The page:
20 September 2004
Natalie du Toit and Fanie Lombaard were expected to deliver top-class performances at the Athens Paralympics. Both athletes proved the hype was justified on Sunday, delivering world record breaking performances to win South Africa’s first gold medals of the Games.
Du Toit smashes her world record
Du Toit, who will contest seven events in the swimming pool in Athens, started off with a bang in the 100 metres butterfly. In the morning heats she destroyed her own previous world record by nearly three seconds, with a time of one minute 07.69 seconds.
In the evening final, she improved on her morning swim with a time of 1:07.54, leaving her about four-and-a-half seconds clear of her closest opposition, Canadian swimmer Stephanie Dixon.
It could be the beginning of a rich haul for the Cape Town swimmer; she is also entered in the three freestyle events – the 50 metres, 100 metres, and 400 metres – the 100 metres breaststroke, the 100 metres backstroke and the 200 metres individual medley.
Fanie fetches his leg, takes gold
Fanie Lombaard broke his own world record in the shot put for leg amputees, throwing 13.81 metres to better his previous mark of 13.52 metres. It gave Lombaard a comfortable victory over second-placed Viktor Khilmonchyk, who recorded a career-best throw of 13.19 metres.
Lombaard is competing in his third Paralympic Games, and Sunday’s gold medal was his sixth in a superb career.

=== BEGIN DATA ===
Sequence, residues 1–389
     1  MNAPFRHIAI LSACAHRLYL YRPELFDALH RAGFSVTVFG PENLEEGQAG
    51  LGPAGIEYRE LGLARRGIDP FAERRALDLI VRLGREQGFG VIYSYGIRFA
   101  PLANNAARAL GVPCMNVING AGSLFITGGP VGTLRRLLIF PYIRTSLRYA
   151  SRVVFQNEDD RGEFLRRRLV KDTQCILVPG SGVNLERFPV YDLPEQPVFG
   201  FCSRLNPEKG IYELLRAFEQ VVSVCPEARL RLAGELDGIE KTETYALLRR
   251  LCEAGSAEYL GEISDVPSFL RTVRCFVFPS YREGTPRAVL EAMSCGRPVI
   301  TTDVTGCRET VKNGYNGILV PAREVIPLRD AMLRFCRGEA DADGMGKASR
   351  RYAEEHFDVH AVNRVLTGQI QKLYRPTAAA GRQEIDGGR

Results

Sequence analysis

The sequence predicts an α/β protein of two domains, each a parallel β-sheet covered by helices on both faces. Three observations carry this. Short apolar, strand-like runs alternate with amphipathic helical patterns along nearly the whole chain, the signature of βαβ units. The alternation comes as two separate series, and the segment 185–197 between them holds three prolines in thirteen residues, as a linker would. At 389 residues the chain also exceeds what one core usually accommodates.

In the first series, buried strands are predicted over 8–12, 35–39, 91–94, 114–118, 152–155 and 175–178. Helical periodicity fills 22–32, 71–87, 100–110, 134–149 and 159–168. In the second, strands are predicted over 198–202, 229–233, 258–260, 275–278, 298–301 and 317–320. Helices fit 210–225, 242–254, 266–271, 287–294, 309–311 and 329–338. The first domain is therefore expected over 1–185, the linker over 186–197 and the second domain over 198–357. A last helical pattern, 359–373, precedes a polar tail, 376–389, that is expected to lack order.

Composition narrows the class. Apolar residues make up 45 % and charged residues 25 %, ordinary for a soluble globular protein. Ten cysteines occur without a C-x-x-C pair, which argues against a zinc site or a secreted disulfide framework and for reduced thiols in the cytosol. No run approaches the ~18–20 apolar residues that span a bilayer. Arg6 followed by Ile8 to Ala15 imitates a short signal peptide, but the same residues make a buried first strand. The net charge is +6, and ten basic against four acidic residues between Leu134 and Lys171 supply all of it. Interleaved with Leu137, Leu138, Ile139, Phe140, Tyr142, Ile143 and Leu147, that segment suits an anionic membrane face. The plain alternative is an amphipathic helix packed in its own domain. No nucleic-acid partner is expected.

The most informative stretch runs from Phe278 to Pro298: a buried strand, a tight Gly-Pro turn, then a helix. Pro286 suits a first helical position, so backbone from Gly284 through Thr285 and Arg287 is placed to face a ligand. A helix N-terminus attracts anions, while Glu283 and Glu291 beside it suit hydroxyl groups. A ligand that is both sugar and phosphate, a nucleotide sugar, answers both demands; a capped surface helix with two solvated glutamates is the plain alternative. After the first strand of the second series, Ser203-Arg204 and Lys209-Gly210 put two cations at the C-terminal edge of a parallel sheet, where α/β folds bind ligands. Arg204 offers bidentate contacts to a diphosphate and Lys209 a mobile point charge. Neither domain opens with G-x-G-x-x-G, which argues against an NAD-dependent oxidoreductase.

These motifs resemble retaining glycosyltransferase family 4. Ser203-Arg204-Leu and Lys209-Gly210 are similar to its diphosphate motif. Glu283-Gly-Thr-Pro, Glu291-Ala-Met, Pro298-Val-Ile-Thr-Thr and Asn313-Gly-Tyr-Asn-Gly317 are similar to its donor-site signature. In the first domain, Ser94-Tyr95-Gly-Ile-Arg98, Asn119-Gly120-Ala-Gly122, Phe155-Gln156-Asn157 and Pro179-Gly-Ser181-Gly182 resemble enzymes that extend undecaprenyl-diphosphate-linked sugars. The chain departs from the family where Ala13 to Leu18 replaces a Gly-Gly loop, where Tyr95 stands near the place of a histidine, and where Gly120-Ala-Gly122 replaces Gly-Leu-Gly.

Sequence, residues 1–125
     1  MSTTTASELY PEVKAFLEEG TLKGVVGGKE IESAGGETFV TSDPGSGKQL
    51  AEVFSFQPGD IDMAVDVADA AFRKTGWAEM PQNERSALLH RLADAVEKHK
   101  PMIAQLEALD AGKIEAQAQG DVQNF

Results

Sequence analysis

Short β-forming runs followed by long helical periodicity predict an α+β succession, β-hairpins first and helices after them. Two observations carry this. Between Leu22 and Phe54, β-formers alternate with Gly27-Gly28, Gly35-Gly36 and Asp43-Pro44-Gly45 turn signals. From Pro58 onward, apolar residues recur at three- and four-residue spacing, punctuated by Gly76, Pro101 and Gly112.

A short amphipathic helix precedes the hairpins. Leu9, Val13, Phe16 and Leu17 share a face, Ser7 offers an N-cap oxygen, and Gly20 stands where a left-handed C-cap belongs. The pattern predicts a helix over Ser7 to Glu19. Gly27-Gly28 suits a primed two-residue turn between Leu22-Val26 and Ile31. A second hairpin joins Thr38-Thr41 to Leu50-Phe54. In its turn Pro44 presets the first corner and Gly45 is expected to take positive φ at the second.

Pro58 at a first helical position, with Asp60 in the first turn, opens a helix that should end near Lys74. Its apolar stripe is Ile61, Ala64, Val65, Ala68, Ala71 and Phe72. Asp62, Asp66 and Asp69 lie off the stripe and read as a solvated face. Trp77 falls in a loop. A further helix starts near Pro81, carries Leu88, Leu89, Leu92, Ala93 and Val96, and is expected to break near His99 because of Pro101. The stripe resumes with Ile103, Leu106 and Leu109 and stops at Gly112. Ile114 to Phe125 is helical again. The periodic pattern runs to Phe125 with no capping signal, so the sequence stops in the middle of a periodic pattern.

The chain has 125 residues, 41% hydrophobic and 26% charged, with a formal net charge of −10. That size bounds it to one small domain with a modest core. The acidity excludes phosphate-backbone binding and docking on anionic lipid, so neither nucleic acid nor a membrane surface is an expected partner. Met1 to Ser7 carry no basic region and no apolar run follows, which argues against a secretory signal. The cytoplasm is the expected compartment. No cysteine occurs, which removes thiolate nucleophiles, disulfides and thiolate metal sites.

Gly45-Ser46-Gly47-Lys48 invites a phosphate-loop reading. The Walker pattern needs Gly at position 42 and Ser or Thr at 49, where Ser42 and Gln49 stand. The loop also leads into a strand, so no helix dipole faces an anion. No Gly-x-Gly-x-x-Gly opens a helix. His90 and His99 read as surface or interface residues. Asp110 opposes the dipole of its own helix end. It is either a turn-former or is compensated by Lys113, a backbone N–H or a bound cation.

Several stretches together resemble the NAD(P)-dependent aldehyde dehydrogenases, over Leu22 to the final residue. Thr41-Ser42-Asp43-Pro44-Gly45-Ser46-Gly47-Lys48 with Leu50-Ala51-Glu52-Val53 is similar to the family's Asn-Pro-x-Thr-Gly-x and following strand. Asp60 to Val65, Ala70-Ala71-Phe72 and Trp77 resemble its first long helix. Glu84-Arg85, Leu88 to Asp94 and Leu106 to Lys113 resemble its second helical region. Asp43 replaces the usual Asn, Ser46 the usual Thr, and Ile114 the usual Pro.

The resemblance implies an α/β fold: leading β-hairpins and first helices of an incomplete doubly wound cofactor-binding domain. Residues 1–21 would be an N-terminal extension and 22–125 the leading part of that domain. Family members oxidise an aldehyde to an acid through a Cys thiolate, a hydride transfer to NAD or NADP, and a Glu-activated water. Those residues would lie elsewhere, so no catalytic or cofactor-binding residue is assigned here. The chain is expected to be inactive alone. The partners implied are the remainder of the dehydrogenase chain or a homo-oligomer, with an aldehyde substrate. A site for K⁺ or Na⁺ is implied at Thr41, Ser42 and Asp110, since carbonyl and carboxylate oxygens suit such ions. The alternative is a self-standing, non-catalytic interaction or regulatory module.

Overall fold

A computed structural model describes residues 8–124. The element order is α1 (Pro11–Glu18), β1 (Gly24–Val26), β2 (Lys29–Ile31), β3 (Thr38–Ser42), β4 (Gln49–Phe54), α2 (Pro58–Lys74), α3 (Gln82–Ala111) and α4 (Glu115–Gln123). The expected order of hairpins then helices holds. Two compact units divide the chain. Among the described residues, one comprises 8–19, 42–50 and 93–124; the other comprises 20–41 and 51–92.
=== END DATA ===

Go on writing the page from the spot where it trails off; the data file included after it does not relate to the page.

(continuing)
However, his win almost didn’t happen. He very nearly left the athletes’ village without his competition leg. Luckily for the former Blue Bulls’ rugby star, sprinter Oscar Pistorius noticed that Lombaard’s leg was missing and asked about it. Lombaard rushed back and fetched it, and was early enough to catch the next bus to the competition.
He next competes on Tuesday in the discus. His aim is to become the first man ever to crack the 50 metres mark.
Silver for multi-talented Field
There was another medal for South Africa when visually impaired Scott Field captured a silver medal in the 100 metres butterfly. It was oh so close to gold too. Home swimmer Charalampos Tainidis won the race in 1:01.50 to Field’s 1:01.75.
Field is a multi-talented sportsman. He and his brother Rory spearheaded South Africa to victory in the first ever Cricket World Cup for the Blind in 2000, with Scott named player of the tournament after scoring 763 runs at the astonishing average of 254.33.
Other weekend results
Tadgh Slattery, swimming in the 200 metres individual medley final for athletes with cerebral palsy, came home in sixth place. Nathan Oliver, swimming in the butterfly final of the men’s S8 class, also finished sixth.
Zanele Situ, a silver medal winner in the javelin in Sydney, managed seventh place in the shot put for athletes paralysed from the wait down. In the women’s discus, Jane Mandean finished sixth, Chennele van Zyl eighth, and Beverley Mashinini tenth.
Multiple Boston Marathon winner Ernst van Dyk, showed that he is in fine form by winning his 1 500 metres wheelchair heat in a Paralympic record of 3:04.50. The new mark didn’t stand for long, however, as Frenchman Jean Jeannot bettered it in the very next heat.
Nathan Meyer, a double gold-medallist in Sydney, won his 200 metres heat for arm-amputees.
On the cycling track, Stephan Herholdt and Janos Plekker both recorded personal best times to qualify for the semi-finals of the individual pursuit.
Pieter du Plooy was a winner in the men’s table tennis, beating Hatsuo Ono of Japan 3-0. Mark Nilsen also won, downing Greece’s Antonio Kalyvas 3-1.
After the opening weekend of the Paralympics, South Africa occupied eleventh place on the overall medals table.